New Congress, New Challenges in the Year Ahead - Pharmaceutical Technology

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New Congress, New Challenges in the Year Ahead
Reauthorization of PDUFA will focus attention on drug safety, product pricing, and a host of regulatory issues.


Pharmaceutical Technology


At the same time, Scott Gottlieb, then FDA deputy commissioner, gave a speech mapping out the agency's preferred approach to improving drug safety. Gottlieb emphasized the need for better information about safety problems, more analytical tools to evaluate safety signals, and improved FDA communication about potential safety problems. He encouraged tapping user fees to provide more resources for drug-safety oversight but cautioned that over-reliance on risk-management plans could be burdensome for health professionals who have to implement them.

Ensuring quality

Drug-safety problems often arise from inadequate quality control in manufacturing, a topic that FDA will continue to address through its "Pharmaceutical CGMPs for the 21st Century" initiative. Since FDA concluded the initial phase of the project in Sept. 2004, an internal Council on Pharmaceutical Quality has headed up agency efforts to adopt a more risk-based approach to good manufacturing practices (GMP) inspections, manufacturing supplements, assessing chemistry, manufacturing, and controls (CMC) data, and overseeing manufacturing quality systems.

FDA published a final guidance in Sept. 2006 describing ways manufacturers can establish quality systems for ensuring compliance with GMPs. The guidance avoids imposing new requirements, emphasizing instead its voluntary approach to a more risk-based quality-assurance process. This guidance eventually will be modified to reflect standards for quality drug manufacturing developed by the International Conference on Harmonization (ICH). FDA supports this more global approach to promoting regulatory flexibility based on demonstration of quality-control systems that mitigate risks associated with pharmaceutical development and production. This and other initiatives will be discussed at a workshop in late February to review progress and to update industry on these quality initiatives.

At the same time, FDA and other federal agencies are taking steps to enforce quality standards and compliance with FDA rules, a topic that congressional panels will be revisiting in coming months. The US Department of Health and Human Services Office of the Inspector General (OIG) is reviewing how well drug manufacturers take requested corrective actions following plant inspections that uncover GMP deficiencies. And, the growing volume of drugs and medical devices from overseas has raised concerns about whether FDA can ensure that foreign manufacturers observe its quality and compliance policies. The OIG plans to review actions taken by FDA when it finds serious deficiencies at foreign plants to ensure that foreign firms comply with enforcement actions.

Curbing counterfeiters

Concerns that unsafe drugs could threaten public health are driving efforts to halt drug counterfeiting and protect the prescription-drug supply chain. Several members of Congress back legislation to stiffen penalties for drug counterfeiters, and FDA is ramping up investigations of these operators.

In addition, FDA seeks to implement its long-delayed rule that requires certain wholesalers to maintain pedigrees on the drugs they distribute. The agency issued a guidance in November clarifying how the fairly complex tracking program should work. Manufacturers and authorized distributors of record (ADRs) do not have to keep pedigrees, but FDA is encouraging all parties in the supply chain to do so. Another FDA guidance explains that agency investigators will focus enforcement efforts on those drugs most likely to be counterfeited such as very expensive, high-volume, and critical medicines. Small distributors, however, claim that the pedigree requirement will force them out of business and have gone to court to block the program.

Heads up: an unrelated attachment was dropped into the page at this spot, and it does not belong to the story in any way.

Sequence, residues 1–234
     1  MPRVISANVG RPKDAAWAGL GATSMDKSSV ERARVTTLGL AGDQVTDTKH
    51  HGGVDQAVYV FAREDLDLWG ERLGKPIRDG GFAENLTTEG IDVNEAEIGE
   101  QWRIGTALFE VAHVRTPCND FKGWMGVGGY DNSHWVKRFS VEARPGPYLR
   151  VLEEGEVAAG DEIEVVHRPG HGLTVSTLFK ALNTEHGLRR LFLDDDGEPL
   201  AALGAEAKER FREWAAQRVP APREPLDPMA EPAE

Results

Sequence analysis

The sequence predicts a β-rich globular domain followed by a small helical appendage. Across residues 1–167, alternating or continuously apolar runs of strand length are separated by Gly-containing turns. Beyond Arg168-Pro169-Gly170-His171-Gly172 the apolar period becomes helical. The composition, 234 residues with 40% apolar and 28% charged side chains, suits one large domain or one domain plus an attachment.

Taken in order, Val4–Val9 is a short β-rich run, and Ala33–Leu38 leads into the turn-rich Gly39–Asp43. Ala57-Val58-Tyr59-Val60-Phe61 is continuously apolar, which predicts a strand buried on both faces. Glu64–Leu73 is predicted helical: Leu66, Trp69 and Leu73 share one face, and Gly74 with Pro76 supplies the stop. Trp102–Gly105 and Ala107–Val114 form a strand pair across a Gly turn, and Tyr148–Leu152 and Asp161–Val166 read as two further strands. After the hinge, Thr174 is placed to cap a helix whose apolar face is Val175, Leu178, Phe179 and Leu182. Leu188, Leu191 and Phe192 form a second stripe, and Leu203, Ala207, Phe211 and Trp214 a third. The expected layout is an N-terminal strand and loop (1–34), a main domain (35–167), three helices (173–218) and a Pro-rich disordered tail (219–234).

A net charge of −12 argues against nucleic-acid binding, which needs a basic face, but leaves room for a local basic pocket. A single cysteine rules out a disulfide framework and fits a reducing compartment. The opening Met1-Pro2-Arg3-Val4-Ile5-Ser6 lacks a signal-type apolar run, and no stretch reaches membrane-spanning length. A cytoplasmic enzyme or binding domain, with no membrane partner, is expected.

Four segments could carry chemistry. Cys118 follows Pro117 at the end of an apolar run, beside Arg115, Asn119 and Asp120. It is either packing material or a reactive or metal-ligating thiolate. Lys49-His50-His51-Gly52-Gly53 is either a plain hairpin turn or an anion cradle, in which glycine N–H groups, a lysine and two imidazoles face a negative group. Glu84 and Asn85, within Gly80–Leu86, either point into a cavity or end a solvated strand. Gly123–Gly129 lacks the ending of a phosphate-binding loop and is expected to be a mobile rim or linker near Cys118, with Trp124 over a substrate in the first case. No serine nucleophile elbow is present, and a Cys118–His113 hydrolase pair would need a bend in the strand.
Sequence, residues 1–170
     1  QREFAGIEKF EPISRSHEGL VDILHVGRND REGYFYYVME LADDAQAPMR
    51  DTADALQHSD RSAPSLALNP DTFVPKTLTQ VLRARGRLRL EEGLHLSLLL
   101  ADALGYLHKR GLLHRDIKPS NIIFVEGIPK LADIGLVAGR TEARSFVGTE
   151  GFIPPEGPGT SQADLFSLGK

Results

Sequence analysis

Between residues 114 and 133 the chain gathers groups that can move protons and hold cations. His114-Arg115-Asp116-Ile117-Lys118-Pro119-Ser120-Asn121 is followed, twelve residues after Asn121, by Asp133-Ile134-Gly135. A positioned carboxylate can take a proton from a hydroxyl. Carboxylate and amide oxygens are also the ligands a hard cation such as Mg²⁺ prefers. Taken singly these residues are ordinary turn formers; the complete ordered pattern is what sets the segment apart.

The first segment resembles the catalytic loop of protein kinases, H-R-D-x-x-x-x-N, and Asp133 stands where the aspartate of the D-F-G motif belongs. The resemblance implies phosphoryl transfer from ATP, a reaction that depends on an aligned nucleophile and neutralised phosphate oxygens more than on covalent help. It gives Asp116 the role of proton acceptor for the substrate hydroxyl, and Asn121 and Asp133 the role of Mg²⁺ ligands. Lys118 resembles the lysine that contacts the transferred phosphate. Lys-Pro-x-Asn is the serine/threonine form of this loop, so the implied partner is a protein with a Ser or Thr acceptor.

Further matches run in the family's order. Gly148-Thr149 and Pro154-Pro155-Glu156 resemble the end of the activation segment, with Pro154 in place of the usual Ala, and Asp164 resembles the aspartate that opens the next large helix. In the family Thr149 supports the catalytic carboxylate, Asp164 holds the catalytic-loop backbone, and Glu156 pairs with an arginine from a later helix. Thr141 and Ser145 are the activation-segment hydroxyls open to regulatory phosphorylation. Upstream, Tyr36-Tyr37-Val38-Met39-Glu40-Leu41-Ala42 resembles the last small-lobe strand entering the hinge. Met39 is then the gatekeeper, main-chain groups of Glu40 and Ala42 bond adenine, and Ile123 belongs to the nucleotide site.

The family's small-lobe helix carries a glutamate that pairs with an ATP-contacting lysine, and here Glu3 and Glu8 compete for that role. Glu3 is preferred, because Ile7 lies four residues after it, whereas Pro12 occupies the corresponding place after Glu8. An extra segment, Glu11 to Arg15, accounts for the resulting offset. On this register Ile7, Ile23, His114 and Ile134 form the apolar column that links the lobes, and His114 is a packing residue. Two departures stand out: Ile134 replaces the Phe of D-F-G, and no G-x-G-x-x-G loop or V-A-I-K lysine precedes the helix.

Meanwhile, FDA is continuing its campaign against drug counterfeiting. At a meeting on electronic track-and-trace technology, FDA Commissioner Andrew von Eschenbach noted that any anticounterfeiting effort requires a multi-layer approach, including initiatives to ensure product and packaging integrity, increased penalties for counterfeiters, and support from state officials, in addition to pedigrees and tracking.

Von Eschenbach also discussed the need for more cooperation among drug regulatory agencies to battle fake drugs at a Nov. 2006 international summit in Washington. Directors of medical-products agencies from 20 countries attended the summit. And, the World Health Organization has launched a new drive to halt the surge in drug counterfeiting, which is particularly rampant in developing nations.

Going electronic

E-pedigree systems are just one example of how more-effective electronic information systems can address drug safety and other regulatory challenges. FDA is pursuing a number of e-data initiatives to streamline the drug-approval process, better assess adverse events, and make it easier for patients and health professionals to obtain current information on approved medicines. A new Bioinformatics Board headed by deputy commissioner Janet Woodcock is overseeing the development of data and technology standards to automate the communication of important information. One priority is to overhaul the agency's adverse-event reporting system. The group also is establishing a standard computerized medical vocabulary and an electronic system for listing drug products and manufacturing sites.


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